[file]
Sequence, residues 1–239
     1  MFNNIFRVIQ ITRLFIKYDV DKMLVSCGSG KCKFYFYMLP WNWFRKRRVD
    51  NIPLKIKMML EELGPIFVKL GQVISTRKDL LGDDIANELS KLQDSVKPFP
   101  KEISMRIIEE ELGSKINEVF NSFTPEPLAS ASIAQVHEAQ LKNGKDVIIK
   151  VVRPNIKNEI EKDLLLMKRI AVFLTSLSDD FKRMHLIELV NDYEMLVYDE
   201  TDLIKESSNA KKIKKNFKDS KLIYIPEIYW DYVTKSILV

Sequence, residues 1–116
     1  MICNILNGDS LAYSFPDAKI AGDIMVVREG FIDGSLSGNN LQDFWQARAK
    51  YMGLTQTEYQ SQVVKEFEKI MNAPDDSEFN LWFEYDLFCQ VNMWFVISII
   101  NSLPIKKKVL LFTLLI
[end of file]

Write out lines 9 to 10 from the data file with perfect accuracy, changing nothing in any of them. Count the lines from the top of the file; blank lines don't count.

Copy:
    51  YMGLTQTEYQ SQVVKEFEKI MNAPDDSEFN LWFEYDLFCQ VNMWFVISII
   101  NSLPIKKKVL LFTLLI